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Lifestyle

How Royals Lived 100 Years Ago

As seen in the movie Victoria and Abdul, they had beautiful gardens, loved lengthy tea parties, and cold vacation destinations. See the photos here.

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Photography: courtesy of Columbia Pictures Philippines

A century before Prince William and Kate and their issues with the paparazzi, there was Queen Victoria. Unknown to many, the Queen of England led a slightly scandalous life (in Victorian eyes) in her later years—in 1887, she struck an unlikely and very close friendship with the young clerk, Abdul Karim. Abdul, a Muslim Indian from Agra, soon becomes the Queen’s favorite, as well as her spiritual advisor, teacher, and devoted friend.

The friendship, of course, ruffled the conservative feathers of the Queen’s court and the Royal Household, especially in matters of race and class. The Royal Family destroyed almost all evidence of Abdul’s existence after Queen Victoria’s death, and it was only in 2005 when writer Shrabani Basu uncovered some clues that led to discovering Adbul’s journal and the authoring of a book about their extraordinary friendship.

This book led to the making of the movie Victoria & Abdul, directed by Stephen Frears and starring Judi Dench as Queen Victoria, and Ali Fazal as Abdul Karim. The movie humorously explores questions of race, religion, and power during the Victorian era (apparently, the Queen was ahead of her time). The production design by the late Alan Macdonald is visually splendid and incredibly accurate, giving viewers a glimpse of how the blue blood lived, loved, and loathed 130 years ago. 

They had elaborate, long tea parties.



Legend has it that Queen Victoria’s lady-in-waiting, Anne, the Duchess of Bedford, introduced afternoon tea. Victorians usually had a huge breakfast, and just a little bit of lunch. To stave off hunger before dinner, the Duchess would ask her servants to fetch her cakes and some tea. She used to have tea alone, but soon friends joined in to partake of the tea and to gossip, thus the Victorian tea party was born. In more elaborate tea parties, aside from the sandwiches, cakes, chocolates, candied fruits, nuts, and yes—jellies—were served.

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They held extravagant banquets.


In the Golden Jubilee of Queen Victoria in 1887 (replicated magnificently in the early minutes of the film, and it was here where she first encountered Abdul), fifty (!) European kings, queens, princes, and princesses were invited to a huge banquet at Buckingham Palace with several dozen footmen in attendance. The typical dishes served during this type of royal banquet would be sole filet, roast beef, vanilla meringues, cheese, and roast fowls. Fancy!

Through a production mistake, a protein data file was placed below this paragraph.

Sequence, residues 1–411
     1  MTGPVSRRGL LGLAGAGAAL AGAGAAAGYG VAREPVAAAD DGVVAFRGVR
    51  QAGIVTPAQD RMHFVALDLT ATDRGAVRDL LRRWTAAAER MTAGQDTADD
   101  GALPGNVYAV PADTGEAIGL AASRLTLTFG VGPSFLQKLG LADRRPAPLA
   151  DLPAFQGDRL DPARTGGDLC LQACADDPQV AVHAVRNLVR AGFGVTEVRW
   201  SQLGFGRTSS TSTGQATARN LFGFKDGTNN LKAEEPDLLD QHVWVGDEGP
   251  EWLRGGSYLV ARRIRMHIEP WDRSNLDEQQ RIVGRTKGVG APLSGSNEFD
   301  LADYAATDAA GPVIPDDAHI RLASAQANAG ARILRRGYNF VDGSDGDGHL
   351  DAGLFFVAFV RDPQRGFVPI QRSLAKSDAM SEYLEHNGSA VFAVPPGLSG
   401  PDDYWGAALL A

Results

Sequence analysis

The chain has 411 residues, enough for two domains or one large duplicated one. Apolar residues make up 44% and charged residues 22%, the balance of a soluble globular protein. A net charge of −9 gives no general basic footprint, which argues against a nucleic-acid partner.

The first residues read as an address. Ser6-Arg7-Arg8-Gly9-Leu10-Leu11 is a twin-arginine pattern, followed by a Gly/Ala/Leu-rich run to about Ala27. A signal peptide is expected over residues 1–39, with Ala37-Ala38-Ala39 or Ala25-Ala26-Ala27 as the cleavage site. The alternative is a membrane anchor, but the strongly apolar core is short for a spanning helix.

They were mystified by Indian culture.

 Queen Victoria’s fascination with Abdul extended to Indian culture and art as a whole. In 1890, she commissioned Bhai Ram Singh, a Sikh architect, to build the Durbar Room (above) at Osborne House in the Isle of Wight. The room is embellished with a highly ornate plaster Indian ceiling, figurines of the elephant god Ganesh, and a replica of the Peacock Throne.

The Queen's library was daintier than the usual Victorian library.



Queen Victoria did much of her correspondence (usually with Abdul in waiting) in this library; and this one had a more feminine touch—rose chintz curtains and soft, yellow walls—than the classic, upper-class Victorian-era library, which usually had heavy wood paneling on all the walls, and possibly decorated with niches filled with important busts of the old philosophers like Plato. Aside from a desk, there would be a center table where all the currently-read or important books would be on display.

They loved Scotland.



And this was regardless of the weather. Queen Victoria called Balmoral Castle, her estate in Scotland, “a paradise in the highlands.” The property was purchased by Prince Albert for Victoria, and remains a favorite holiday home for all royals to this day, in spite of the unpredictable, blustery Scottish weather.

Their gardens were splendid and otherworldly.

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Victorians had this strange philosophy over design and everything in general: “man’s conquest over the elements.” This meant that Victorian gardens were structured, with many hardscape features.


Trees and shrubs were trimmed immaculately to delineate property lines and form paths. There were often many unnecessary decorations, structures, or follies throughout a Victorian garden, such as fountains, sundials, gazebos, or even entire (unused) cottages.

The movie Victoria & Abdul is now showing at Ayala Cinemas: Alabang Town Center, Bonifacio High Street, Greenbelt 3, The 30th, Ayala Center Cebu, and UP Town Center

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